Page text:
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Problems of expertise and scalability in self-made media

Hartley, John (2008) Problems of expertise and scalability in self-made media. In Lundby, Knut (Ed.) Digital storytelling, mediatized stories : self-representations in new media. Peter Lang Publishing, New York, pp. 197-211.

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Abstract

The term ‘digital storytelling’ can be used generically to describe any computer-based narrative expression, including ‘hypertext fiction’ and game narratives as well as YouTube and the like. Here however it refers only to the practice whereby ‘ordinary people’ participate in hands-on workshops using computer software to create short personal films that privilege self-expression; typically narratives of realisation of identity, memory, place and aspiration.2 Digital storytelling fills a gap between everyday cultural practice and professional media that was never adequately bridged during the broadcast era (Carpentier, 2003). Digital stories are simple but disciplined, like a sonnet or haiku, and anyone can learn how to make them. They reconfigure the producer/ consumer relationship and show how creative work by non-professional users adds value to contemporary culture (Burgess, & Hartley, 2004). A genealogy for this mode of digital storytelling (henceforth DST) has become established; it is indeed a ‘Californian export,’ as the 2007 ICA pre-conference in San Francisco aptly put it.3 However, in one important respect the form of DST in Australia, including the R&D that we do at QUT, departs from that original, as will be discussed below in the discussion of scalability and expertise.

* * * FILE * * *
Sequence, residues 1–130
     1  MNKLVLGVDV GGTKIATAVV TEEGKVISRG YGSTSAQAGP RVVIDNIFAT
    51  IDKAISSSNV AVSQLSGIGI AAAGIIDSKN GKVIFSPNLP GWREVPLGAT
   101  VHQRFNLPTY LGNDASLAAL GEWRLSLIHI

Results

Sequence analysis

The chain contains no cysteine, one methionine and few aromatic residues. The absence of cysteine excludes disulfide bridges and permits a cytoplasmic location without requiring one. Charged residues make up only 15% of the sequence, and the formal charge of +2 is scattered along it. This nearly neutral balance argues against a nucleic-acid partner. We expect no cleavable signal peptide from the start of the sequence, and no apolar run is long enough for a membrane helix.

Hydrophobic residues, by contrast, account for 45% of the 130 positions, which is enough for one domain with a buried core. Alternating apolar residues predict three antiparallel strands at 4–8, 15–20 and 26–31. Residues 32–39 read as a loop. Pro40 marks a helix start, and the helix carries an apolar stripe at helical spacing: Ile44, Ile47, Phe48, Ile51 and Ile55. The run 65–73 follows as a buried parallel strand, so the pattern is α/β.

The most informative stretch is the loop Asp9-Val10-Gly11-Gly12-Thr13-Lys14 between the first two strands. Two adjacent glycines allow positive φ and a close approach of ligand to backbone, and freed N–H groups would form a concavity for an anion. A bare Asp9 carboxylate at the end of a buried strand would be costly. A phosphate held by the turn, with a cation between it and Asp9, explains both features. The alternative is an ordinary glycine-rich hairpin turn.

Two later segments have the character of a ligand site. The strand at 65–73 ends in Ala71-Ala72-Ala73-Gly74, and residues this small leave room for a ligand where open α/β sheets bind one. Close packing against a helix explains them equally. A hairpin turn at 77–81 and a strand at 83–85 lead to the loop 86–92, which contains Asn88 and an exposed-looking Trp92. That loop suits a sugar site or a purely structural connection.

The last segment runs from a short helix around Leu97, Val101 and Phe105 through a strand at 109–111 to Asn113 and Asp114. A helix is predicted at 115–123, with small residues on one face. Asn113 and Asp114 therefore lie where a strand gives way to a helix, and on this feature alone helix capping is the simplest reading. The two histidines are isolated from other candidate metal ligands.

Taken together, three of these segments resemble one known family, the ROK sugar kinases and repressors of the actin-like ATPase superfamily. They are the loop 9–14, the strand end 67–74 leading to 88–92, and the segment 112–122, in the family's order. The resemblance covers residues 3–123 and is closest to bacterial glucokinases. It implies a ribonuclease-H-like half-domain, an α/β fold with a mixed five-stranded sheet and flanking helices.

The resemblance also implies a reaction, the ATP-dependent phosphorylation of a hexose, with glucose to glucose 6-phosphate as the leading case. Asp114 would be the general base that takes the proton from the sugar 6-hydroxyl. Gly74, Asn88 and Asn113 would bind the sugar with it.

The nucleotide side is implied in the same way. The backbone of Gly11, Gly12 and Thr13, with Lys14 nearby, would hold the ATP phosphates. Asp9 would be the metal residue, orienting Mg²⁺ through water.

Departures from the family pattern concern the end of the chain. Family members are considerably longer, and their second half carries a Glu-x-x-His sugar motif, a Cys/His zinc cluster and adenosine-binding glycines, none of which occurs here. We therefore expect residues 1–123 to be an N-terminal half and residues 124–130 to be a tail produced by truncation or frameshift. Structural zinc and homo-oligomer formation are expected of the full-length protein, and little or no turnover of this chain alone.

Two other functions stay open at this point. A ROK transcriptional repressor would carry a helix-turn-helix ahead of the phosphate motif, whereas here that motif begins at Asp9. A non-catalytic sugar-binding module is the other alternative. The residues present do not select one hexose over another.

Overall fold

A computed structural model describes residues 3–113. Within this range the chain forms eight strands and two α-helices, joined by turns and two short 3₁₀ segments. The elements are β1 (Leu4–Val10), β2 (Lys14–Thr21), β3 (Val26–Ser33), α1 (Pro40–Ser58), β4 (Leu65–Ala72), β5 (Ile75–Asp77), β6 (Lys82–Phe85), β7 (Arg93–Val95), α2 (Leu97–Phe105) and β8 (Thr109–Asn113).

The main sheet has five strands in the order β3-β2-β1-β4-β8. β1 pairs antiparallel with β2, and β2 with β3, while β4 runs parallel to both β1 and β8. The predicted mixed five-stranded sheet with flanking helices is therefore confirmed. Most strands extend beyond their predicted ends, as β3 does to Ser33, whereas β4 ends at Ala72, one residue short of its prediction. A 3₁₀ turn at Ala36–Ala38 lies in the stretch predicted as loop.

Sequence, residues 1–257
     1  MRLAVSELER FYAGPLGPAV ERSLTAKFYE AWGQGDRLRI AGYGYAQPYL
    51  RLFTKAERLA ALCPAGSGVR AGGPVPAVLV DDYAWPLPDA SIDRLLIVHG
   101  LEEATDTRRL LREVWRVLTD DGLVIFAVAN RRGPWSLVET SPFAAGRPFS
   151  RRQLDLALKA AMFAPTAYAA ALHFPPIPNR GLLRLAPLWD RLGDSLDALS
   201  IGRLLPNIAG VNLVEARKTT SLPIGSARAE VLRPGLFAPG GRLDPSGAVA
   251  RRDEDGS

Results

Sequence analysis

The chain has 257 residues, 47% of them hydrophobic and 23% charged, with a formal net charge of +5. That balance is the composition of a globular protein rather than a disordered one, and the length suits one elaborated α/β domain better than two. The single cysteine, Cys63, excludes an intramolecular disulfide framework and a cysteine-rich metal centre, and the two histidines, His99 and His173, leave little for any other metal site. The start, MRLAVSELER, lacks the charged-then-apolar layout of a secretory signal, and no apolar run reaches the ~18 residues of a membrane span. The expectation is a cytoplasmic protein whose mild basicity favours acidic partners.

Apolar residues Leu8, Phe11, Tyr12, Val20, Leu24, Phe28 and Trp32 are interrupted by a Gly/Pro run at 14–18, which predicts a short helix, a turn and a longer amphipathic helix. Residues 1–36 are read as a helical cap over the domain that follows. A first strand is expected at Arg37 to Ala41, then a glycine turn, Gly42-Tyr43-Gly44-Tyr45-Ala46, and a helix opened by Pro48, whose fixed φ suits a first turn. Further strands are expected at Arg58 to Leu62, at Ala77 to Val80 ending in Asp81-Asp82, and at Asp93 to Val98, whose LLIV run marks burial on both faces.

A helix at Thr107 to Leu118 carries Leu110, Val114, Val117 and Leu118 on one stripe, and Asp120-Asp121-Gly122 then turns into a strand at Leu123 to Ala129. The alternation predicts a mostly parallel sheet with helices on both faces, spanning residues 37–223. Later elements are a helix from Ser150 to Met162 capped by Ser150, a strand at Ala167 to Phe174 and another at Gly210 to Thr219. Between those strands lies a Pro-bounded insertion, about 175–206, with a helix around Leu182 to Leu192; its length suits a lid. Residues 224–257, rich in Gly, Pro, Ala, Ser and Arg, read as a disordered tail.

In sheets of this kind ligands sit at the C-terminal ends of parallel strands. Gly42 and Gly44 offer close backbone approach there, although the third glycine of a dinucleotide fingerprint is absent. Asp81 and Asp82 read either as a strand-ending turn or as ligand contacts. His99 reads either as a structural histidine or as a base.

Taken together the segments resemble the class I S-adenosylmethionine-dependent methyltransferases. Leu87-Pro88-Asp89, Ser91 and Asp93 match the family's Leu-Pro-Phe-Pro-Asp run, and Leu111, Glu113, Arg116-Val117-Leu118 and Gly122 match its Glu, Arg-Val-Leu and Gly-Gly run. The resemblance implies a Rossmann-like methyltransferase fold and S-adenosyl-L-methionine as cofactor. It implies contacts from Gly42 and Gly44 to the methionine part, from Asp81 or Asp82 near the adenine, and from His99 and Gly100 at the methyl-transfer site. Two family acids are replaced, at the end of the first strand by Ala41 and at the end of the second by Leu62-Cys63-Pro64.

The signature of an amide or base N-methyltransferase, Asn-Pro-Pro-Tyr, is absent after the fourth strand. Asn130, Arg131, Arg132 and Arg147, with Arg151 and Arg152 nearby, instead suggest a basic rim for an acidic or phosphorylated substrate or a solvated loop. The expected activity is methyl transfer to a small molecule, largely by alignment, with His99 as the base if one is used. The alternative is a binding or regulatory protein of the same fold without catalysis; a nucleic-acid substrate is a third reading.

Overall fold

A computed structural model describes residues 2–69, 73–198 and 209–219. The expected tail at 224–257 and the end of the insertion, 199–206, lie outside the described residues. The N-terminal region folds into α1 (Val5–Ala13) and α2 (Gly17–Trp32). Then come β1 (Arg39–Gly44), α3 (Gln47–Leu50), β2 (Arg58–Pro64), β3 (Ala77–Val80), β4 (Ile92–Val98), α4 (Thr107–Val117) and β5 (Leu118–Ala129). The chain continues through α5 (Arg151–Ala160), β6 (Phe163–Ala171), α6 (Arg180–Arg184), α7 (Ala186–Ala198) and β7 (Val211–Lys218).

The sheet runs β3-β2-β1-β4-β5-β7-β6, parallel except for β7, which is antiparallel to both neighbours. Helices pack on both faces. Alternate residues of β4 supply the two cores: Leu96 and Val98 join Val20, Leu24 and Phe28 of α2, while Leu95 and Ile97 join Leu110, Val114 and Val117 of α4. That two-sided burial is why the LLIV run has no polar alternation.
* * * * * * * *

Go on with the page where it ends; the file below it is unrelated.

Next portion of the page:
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ID Code: 18016
Item Type: Book Chapter
Additional Information: For more information about this book please refer to the publisher's website (see link) or contact the author.
Additional URLs:
Keywords: Digital Storytelling, expertise, self-representation
ISBN: 978-1-4331-0274-5
Subjects: Australian and New Zealand Standard Research Classification > LANGUAGES COMMUNICATION AND CULTURE (200000) > COMMUNICATION AND MEDIA STUDIES (200100) > Communication and Media Studies not elsewhere classified (200199)
Australian and New Zealand Standard Research Classification > STUDIES IN CREATIVE ARTS AND WRITING (190000) > FILM TELEVISION AND DIGITAL MEDIA (190200)
Australian and New Zealand Standard Research Classification > LANGUAGES COMMUNICATION AND CULTURE (200000) > CULTURAL STUDIES (200200) > Cultural Studies not elsewhere classified (200299)
Divisions: Current > Research Centres > ARC Centre of Excellence for Creative Industries and Innovation
Current > QUT Faculties and Divisions > Creative Industries Faculty
Past > Institutes > Institute for Creative Industries and Innovation
Copyright Owner: Copyright 2008 Peter Lang
Deposited On: 18 Feb 2009 13:54
Last Modified: 29 Feb 2012 23:48

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